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Why Mediations Fail And What To Do About It

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Why Mediations Fail And What To Do About It

Source: Law360
Date: May 20, 2016
Portfolio Media. Inc. | 111 West 19 th Street, 5th Floor | New York, NY 10011 | www.law360.com Phone: +1 646 783 7100 | Fax: +1 646 783 7161 | customerservice@law360.com Why Mediations Fail And What To Do About It Law360, New York (May 20, 2016, 11:00 AM ET) -- I interviewed a number of colleagues and fellow mediators to research and discuss why they believe mediations fail. While I expected the standard responses “wrong people, wrong time, no joint session,” it was interesting to hear other experiences. The following responses are some of the more common reasons. Third-Party Interference Interfering third-parties, well-meaning or not, frequently hamper negotiations. A willing party at mediation might be unduly influenced to withhold their cooperation by a parent, grandparent or peer. By the same token, if the wrong players are circled around the table, effective negotiation is impossible. Prior to the mediation, confirm who will attend and whether they have the authority to resolve the dispute. Once you discover an absentee player who controls the result, offer to speak to them on the phone or postpone the session and reconvene when they can be present. Prefers Court Often times, parties feel that they have a story to tell and they would rather tell it to a judge in a court of law. Some parties believe that they will prevail at the courthouse while others believe they will receive a larger settlement than the one that would be negotiated during the mediation process. Still others hope to save face by being ordered to capitulate their positions, financially or otherwise, instead of voluntarily relinquishing their views in a facilitated negotiation. Having mediated, remediated and mediated the same case on appeal, there are cases which need to be heard by a third-party decision maker. It is not always a failure of the mediation that the case does not settle. Communication Miscommunication is often the culprit in a failed mediation. Some parties, intimidated by their surroundings, the attorneys or the process, are afraid to speak up. Language barriers — both technical and native — muddy the process because parties, attorneys and mediators have different levels of vocabulary and industry-relevant lingo. These barriers inhibit or prevent effective communication and the desired results of the mediation process are often lost. Cecilia H. Morgan Authority to Settle It is essential to the mediation process that each party has a person with ample authority to negotiate and settle disputes physically present at the mediation. No one wants to devote the time to a process that is doomed to fail because one party cannot effectively negotiate and settle. Likewise, no one wants to communicate with a faceless voice on a conference call. Mediation Process The mediation process, while malleable, must still flow within strategic parameters. If the timing of the order or the decision to mediate is too late or too early, the prospect of negotiation might be either too daunting or “too little, too late” in terms of tactical advantage. For instance, mediation is not a “fishing expedition” to augment other discovery techniques by parties who fully intend to proceed to trial. Another pivotal moment in the negotiation process is a well-timed, properly managed joint session. A joint session gives the mediator the opportunity to make a few peace-encouraging remarks to the parties, fostering a peace-seeking environment in which to negotiate. Lack of Preparation Everyone at the mediation, as well as the efficiency of the process, will benefit from preparation. The client should be made aware of what to expect from the process, the attorneys should be up to date on all applicable laws and have more than a passing familiarity with their client’s case as well as that the client hopes to achieve by mediating. Preparation is key to the success of the mediation process. Bad Faith No matter how successful mediation is, no matter how positive an option it might be, there will always be those who attend mediation in bad faith, refusing to cooperate and with no intention to settle. It’s almost impossible to overcome bad faith in settlement negotiations. Unrealistic Expectation Many parties and their attorneys enter into negotiations at mediation with unrealistic expectations about the process and/or its outcome, the money involved and/or anticipated and the risks involved. Mediation is not a panacea; there should be give and take by all parties. Emotions/Ego Hate, anger, pride, vindictiveness and anxiety can typically masquerade as impatience, fear or vengeance, and emotions dam up the essential flow of communication and obstruct progress. Analyze your emotions before the day of mediation and determine how to keep them under control and out of the negotiation process. Be aware of the emotions that the participants commonly display and how they might be perceived. Take specific steps to respond appropriately to the emotions displayed. Cures and Best Practices Now that you understand why mediations fail, there are positive steps you can take to facilitate the mediation process to its best conclusion. First, it’s important to properly time the mediation so as to gain the greatest strategic advantage. Second, parties and their attorneys should always prepare and communicate in advance. Third, recognize any unrealistic expectations and temper them accordingly. Fourth, identify and confront bad faith. Finally, embrace emotions — your own and those of your counterpart; understand them and how they will impact the successful outcome of mediation. —By Cecilia H. Morgan, JAMS Cecilia Morgan is a JAMS neutral based in Dallas. She has served as an arbitrator and mediator in more than 2,000 matters over the past 20 years. The opinions expressed are those of the author(s) and do not necessarily reflect the views of the firm, its clients, or Portfolio Media Inc., or any of its or their respective affiliates. This article is for general information purposes and is not intended to be and should not be taken as legal advice. All Content © 2003-2016, Portfolio Media, Inc.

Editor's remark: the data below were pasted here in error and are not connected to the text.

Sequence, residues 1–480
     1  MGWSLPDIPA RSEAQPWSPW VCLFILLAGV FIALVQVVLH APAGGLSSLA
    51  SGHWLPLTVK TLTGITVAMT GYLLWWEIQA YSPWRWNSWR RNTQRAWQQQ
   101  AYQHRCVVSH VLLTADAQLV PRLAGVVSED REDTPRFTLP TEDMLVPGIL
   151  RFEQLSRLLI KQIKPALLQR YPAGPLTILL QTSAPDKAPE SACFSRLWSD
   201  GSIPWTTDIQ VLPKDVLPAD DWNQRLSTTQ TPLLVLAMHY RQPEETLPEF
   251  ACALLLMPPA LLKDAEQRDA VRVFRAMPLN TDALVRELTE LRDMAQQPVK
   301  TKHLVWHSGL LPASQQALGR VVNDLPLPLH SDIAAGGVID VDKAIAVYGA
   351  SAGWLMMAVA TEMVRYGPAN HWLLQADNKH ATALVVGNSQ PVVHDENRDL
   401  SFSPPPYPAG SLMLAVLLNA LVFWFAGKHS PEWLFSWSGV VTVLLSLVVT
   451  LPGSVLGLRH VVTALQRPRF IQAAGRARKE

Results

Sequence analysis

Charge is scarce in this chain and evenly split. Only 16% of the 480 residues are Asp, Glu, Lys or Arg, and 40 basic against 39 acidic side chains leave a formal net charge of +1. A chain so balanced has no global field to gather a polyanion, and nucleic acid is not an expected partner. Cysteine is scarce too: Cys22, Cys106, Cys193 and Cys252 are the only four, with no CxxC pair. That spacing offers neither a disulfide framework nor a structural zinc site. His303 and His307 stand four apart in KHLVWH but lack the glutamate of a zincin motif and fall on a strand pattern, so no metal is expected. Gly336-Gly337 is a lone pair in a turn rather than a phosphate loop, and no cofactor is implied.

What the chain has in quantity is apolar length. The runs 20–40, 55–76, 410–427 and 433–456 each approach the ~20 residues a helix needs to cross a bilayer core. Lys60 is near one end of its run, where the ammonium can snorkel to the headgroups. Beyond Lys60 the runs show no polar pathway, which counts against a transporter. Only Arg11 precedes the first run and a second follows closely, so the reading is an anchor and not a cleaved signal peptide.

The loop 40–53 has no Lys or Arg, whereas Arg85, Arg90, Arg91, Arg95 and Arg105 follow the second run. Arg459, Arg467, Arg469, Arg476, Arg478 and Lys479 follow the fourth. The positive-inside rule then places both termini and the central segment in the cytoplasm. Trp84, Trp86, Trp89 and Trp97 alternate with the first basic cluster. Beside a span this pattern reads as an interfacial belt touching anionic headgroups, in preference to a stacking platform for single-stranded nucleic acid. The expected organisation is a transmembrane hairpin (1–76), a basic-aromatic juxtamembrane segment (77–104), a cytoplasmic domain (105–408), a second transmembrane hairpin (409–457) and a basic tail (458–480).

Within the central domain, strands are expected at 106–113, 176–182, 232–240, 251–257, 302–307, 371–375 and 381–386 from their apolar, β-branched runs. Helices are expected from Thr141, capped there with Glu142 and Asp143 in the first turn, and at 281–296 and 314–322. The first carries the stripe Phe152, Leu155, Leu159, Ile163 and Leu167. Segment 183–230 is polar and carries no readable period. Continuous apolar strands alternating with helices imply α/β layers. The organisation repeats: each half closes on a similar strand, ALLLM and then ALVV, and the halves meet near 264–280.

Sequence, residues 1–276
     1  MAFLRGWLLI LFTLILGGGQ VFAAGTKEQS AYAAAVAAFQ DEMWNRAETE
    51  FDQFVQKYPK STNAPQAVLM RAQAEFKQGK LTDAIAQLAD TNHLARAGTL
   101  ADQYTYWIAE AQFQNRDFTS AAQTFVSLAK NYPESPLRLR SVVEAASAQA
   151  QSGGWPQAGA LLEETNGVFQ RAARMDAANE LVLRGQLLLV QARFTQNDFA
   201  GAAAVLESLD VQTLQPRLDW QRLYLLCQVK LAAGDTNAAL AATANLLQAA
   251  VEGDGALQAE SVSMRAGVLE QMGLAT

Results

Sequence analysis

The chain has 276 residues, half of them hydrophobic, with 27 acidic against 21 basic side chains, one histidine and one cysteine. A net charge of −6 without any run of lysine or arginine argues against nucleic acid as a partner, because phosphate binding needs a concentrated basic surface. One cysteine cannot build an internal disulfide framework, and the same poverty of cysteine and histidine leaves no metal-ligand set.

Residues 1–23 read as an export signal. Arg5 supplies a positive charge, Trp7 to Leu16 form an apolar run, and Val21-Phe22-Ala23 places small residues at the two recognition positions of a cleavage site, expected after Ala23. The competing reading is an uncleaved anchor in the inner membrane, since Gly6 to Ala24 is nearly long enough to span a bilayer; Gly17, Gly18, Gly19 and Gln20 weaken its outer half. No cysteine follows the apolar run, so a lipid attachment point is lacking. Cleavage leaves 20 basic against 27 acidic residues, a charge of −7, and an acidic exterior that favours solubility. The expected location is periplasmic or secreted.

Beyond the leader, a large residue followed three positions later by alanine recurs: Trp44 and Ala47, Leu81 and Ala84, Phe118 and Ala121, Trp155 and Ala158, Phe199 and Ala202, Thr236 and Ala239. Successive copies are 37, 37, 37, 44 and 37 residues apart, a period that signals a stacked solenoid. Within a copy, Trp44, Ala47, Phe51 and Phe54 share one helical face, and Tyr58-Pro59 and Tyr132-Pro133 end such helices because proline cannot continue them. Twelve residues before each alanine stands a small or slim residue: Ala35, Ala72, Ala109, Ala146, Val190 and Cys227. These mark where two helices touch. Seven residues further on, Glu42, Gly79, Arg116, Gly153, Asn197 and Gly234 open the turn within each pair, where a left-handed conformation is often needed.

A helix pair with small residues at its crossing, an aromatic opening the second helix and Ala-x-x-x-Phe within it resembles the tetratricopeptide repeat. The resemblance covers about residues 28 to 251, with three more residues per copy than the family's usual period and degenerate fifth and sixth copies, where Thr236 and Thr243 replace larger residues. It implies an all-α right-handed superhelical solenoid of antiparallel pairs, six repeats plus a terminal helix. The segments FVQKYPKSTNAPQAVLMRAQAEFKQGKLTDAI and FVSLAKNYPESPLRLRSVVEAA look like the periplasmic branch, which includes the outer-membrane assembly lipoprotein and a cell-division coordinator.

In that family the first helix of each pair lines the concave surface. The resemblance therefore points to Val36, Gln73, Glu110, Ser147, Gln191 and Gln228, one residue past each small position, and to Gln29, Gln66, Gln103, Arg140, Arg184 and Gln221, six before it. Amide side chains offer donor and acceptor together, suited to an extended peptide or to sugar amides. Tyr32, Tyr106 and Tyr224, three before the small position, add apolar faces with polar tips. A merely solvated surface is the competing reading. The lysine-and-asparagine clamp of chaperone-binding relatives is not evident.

Why Mediations Fail And What To Do About It Law360, New York (May 20, 2016, 11:00 AM ET) -- I interviewed a number of colleagues and fellow mediators to research and discuss why they believe mediations fail. While I expected the standard responses “wrong people, wrong time, no joint session,” it was interesting to hear other experiences. The following responses are some of the more common reasons. Third-Party Interference Interfering third-parties, well-meaning or not, frequently hamper negotiations. A willing party at mediation might be unduly influenced to withhold their cooperation by a parent, grandparent or peer. By the same token, if the wrong players are circled around the table, effective negotiation is impossible.Prior to the mediation, confirm who will attend and whether they have the authority to resolve the dispute. Once you discover an absentee player who controls the result, offer to speak to them on the phone or postpone the session and reconvene when they can be present. Prefers Court Often times, parties feel that they have a story to tell and they would rather tell it to a judge in a court of law. Some parties believe that they will prevail at the courthouse while others believe they will receive a larger settlement than the one that would be negotiated during the mediation process. Still others hope to save face by being ordered to capitulate their positions, financially or otherwise, instead of voluntarily relinquishing their views in a facilitated negotiation. Having mediated, remediated and mediated the same case on appeal, there are cases which need to be heard by a third-party decision maker. It is not always a failure of the mediation that the case does not settle. Communication Miscommunication is often the culprit in a failed mediation. Some parties, intimidated by their surroundings, the attorneys or the process, are afraid to speak up. Language barriers — both technical and native — muddy the process because parties, attorneys and mediators have different levels of vocabulary and industry-relevant lingo. These barriers inhibit or prevent effective communication and the desired results of the mediation process are often lost.Authority to Settle It is essential to the mediation process that each party has a person with ample authority to negotiate and settle disputes physically present at the mediation. No one wants to devote the time to a process that is doomed to fail because one party cannot effectively negotiate and settle. Likewise, no one wants to communicate with a faceless voice on a conference call. Mediation Process The mediation process, while malleable, must still flow within strategic parameters. If the timing of the order or the decision to mediate is too late or too early, the prospect of negotiation might be either too daunting or “too little, too late” in terms of tactical advantage. For instance, mediation is not a “fishing expedition” to augment other discovery techniques by parties who fully intend to proceed to trial. Another pivotal moment in the negotiation process is a well-timed, properly managed joint session. A joint session gives the mediator the opportunity to make a few peace-encouraging remarks to the parties, fostering a peace-seeking environment in which to negotiate. Lack of Preparation Everyone at the mediation, as well as the efficiency of the process, will benefit from preparation. The client should be made aware of what to expect from the process, the attorneys should be up to date on all applicable laws and have more than a passing familiarity with their client’s case as well as that the client hopes to achieve by mediating. Preparation is key to the success of the mediation process. Bad Faith No matter how successful mediation is, no matter how positive an option it might be, there will always be those who attend mediation in bad faith, refusing to cooperate and with no intention to settle. It’s almost impossible to overcome bad faith in settlement negotiations. Unrealistic Expectation Many parties and their attorneys enter into negotiations at mediation with unrealistic expectations about the process and/or its outcome, the money involved and/or anticipated and the risks involved. Mediation is not a panacea; there should be give and take by all parties. Emotions/Ego Hate, anger, pride, vindictiveness and anxiety can typically masquerade as impatience, fear or vengeance, and emotions dam up the essential flow of communication and obstruct progress. Analyze your emotions before the day of mediation and determine how to keep them under control and out of the negotiation process. Be aware of the emotions that the participants commonly display and how they might be perceived. Take specific steps to respond appropriately to the emotions displayed.Cures and Best Practices Now that you understand why mediations fail, there are positive steps you can take to facilitate the mediation process to its best conclusion. First, it’s important to properly time the mediation so as to gain the greatest strategic advantage. Second, parties and their attorneys should always prepare and communicate in advance. Third, recognize any unrealistic expectations and temper them accordingly. Fourth, identify and confront bad faith. Finally, embrace emotions — your own and those of your counterpart; understand them and how they will impact the successful outcome of mediation. —By Cecilia H. Morgan, JAMS Cecilia Morgan is a JAMS neutral based in Dallas. She has served as an arbitrator and mediator in more than 2,000 matters over the past 20 years. The opinions expressed are those of the author(s) and do not necessarily reflect the views of the firm, its clients, or Portfolio Media Inc., or any of its or their respective affiliates. This article is for general information purposes and is not intended to be and should not be taken as legal advice.